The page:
Development of a Magneto-Rheological Fluid Based Actuation System

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A hybrid hydraulic actuation system is proposed as an active pitch link for

rotorcraft applications. Such an active pitch link can be used to implement Individual

Blade Control (IBC) techniques for vibration and noise reduction, in addition to

providing primary control for the helicopter. Conventional technologies like electric

motors and hydraulic actuators have major disadvantages when it come to applications

on a rotating environment. Centralized hydraulic system require the use of

mechanically complex hydraulic slip rings and electric motors have high precision

mechanical moving parts that make them unattractive in application with high centrifugal

load. The high energy density of smart materials can be used to design

hydraulic actuators in a compact package. MagnetoRheological (MR) fluids can be

used as the working fluid in such a hybrid hydraulic actuation system to implement

a valving system with no moving parts. Thus, such an actuation system can be

theoretically well-suited for application in a rotating environment.

To develop an actuation system based on an active material stack and MR

fluidic valves, a fundamental understanding of the hydraulic circuit is essential. In order to address this issue, a theoretical model was developed to understand the

effect of pumping chamber geometry on the pressure losses in the pumping chamber.

Three dimensional analytical models were developed for steady and unsteady

flow and the results were correlated to results obtained from Computation Fluid

Dynamic simulation of fluid flow inside the pumping chamber. Fundamental understanding

regarding the pressure losses in a pumping chamber are obtained from

the modeling process. Vortices that form in the pumping chamber (during intake)

and the discharge tube (during discharge) are identified as a major cause of pressure

loss in the chamber. The role of vortices during dynamic operation is also captured

through a frequency domain model.

Extensive experimental studies were conducted on a hybrid hydraulic system

driven by a pump (actuated by a 2" long and 1/4" diameter Terfenol-D rod) and a

Wheatstone bridge network of MR fluidic valves. The Wheatstone bridge network

is used to provide bi-directionality to the load. Through a variety of experimental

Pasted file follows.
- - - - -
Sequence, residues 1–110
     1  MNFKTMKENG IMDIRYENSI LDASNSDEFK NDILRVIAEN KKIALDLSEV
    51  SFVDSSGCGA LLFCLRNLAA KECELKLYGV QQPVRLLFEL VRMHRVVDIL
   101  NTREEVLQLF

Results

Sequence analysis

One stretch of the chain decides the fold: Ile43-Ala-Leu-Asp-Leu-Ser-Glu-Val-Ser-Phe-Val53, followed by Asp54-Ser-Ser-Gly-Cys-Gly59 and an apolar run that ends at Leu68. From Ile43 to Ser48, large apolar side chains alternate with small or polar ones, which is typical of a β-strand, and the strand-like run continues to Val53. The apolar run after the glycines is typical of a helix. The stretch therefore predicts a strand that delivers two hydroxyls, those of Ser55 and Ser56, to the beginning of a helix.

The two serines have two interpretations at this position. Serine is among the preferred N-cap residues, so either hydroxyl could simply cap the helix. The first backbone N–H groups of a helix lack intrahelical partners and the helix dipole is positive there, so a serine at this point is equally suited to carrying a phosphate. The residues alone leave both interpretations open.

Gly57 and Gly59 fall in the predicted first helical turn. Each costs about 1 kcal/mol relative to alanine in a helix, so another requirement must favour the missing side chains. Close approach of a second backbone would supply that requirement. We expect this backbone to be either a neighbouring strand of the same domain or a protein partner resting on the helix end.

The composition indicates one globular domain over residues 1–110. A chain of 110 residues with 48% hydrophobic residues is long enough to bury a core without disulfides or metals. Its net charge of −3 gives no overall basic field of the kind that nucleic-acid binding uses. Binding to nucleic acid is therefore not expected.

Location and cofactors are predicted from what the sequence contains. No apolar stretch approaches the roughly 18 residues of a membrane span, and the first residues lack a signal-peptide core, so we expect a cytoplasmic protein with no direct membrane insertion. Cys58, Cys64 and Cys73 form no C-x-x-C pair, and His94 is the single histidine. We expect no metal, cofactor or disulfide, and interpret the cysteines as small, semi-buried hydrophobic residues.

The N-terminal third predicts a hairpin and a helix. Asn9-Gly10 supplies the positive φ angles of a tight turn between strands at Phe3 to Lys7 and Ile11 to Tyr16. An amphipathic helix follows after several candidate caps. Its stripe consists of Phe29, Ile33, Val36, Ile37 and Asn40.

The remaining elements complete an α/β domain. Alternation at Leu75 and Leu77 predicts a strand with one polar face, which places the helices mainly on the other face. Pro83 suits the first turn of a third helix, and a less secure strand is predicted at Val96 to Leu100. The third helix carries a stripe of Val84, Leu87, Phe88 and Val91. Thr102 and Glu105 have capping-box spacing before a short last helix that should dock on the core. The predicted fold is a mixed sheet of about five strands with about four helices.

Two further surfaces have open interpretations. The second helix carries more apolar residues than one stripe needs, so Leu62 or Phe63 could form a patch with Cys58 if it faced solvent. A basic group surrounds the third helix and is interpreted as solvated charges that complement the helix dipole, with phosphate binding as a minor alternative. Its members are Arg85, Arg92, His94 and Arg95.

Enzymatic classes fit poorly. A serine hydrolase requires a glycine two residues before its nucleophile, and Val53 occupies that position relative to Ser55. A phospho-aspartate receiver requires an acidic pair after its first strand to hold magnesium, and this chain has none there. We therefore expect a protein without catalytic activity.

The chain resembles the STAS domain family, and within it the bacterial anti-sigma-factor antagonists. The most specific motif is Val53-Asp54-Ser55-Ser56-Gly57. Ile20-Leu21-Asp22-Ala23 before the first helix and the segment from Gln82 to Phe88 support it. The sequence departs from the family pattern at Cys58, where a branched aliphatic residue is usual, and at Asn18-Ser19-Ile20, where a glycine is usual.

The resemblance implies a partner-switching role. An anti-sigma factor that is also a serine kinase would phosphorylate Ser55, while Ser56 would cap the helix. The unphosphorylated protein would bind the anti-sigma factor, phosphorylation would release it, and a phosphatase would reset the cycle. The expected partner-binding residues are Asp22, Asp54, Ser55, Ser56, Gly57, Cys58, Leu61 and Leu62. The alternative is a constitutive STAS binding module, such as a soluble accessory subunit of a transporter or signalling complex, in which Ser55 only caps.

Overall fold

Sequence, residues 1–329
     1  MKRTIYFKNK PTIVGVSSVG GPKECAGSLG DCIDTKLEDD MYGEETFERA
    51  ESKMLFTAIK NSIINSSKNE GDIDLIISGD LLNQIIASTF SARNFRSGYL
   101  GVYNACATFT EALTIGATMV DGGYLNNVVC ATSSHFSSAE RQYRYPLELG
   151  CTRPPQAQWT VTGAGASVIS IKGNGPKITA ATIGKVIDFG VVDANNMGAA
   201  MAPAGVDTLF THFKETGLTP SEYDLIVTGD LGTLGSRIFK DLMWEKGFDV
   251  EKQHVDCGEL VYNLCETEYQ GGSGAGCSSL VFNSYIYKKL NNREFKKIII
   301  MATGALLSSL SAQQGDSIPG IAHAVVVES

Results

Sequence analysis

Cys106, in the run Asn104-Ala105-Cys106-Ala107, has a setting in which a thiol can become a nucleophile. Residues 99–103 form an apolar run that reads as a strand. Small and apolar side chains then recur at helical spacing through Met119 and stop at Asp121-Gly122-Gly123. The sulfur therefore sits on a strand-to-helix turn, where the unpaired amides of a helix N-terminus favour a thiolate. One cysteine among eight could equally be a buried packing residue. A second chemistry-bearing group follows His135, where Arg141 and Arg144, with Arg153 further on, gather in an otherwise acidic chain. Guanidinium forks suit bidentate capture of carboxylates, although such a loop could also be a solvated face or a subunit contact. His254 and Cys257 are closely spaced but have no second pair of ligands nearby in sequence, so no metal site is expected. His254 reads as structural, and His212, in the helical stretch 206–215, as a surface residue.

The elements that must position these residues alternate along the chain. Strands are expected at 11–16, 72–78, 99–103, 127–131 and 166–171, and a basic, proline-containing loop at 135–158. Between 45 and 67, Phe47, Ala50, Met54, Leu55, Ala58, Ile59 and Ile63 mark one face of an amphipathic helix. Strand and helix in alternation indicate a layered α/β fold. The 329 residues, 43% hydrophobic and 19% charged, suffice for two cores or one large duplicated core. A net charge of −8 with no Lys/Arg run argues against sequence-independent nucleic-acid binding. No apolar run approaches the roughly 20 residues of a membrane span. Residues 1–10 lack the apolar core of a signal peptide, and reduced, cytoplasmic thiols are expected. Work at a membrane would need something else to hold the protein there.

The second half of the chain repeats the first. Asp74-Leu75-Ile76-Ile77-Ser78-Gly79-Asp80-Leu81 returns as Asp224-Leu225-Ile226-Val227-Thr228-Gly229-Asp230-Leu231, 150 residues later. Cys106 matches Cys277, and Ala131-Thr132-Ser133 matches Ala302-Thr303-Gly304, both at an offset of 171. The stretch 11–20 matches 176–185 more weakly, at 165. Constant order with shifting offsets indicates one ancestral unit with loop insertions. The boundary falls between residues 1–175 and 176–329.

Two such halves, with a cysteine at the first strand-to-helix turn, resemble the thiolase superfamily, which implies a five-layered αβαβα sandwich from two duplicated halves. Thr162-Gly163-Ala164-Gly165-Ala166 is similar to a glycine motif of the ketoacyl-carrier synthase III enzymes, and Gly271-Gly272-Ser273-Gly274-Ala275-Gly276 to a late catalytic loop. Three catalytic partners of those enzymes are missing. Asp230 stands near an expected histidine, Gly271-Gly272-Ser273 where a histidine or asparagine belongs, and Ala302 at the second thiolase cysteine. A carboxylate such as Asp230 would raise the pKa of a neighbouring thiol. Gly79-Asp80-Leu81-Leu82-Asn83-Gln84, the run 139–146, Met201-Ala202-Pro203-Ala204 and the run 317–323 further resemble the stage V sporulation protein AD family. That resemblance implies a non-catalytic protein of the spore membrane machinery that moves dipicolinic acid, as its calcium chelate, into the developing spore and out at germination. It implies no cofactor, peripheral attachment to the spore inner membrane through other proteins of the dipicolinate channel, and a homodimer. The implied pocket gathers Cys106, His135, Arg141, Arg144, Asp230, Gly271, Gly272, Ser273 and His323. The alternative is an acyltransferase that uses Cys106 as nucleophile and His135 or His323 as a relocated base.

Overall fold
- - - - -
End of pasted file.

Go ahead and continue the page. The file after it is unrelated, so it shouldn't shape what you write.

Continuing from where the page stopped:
studies, the main performance metrics of the actuation system, like output power,

blocked force, maximum no-load velocity and efficiency, are obtained. The actuation

system exhibits a blocked force of 30 N and a maximum no-load velocity of 50

mm/s. Extensive bi-directional tests were also done for cases of no-load, inertial

load and spring load to establish the frequency bandwidth of the actuator. The

actuation system can output a stroke of 9 mm at an output actuator frequency of

4 Hz. An analytical model was developed to predict the performance of the hybrid

hydraulic actuation system. A state space representation of the system was derived

using equations derived from the control volume considerations. The results of the analytical model show that the model predicts the frequency peak of the system to

within 20 Hz of the actual resonance frequency.

In the third part of this dissertation, the effectiveness of the hybrid hydraulic

actuation system is evaluated in a rotating environment. A piezoelectric stack that

is driven by three PI-804.10 stacks was attached at the end of a spin bar. After

balancing the spin bar using a counterweight, the spin bar is spun to an RPM of

  1. This simulates a centrifugal loading of 400 g, which is slightly higher than the

full-scale centrifugal loads experienced by a pitch link on a UH-60. The performance

of the actuator was measured in terms of velocity of an output cylinder shaft. Since

some deterioration of performance was expected at 300 RPM, the output cylinder

was redesigned to include roller bearings to support the excess force. Through no

load and load tests, the effectiveness of the current hybrid actuation system design

was shown as the performance of the system did not deteriorate in performance with

greater centrifugal acceleration.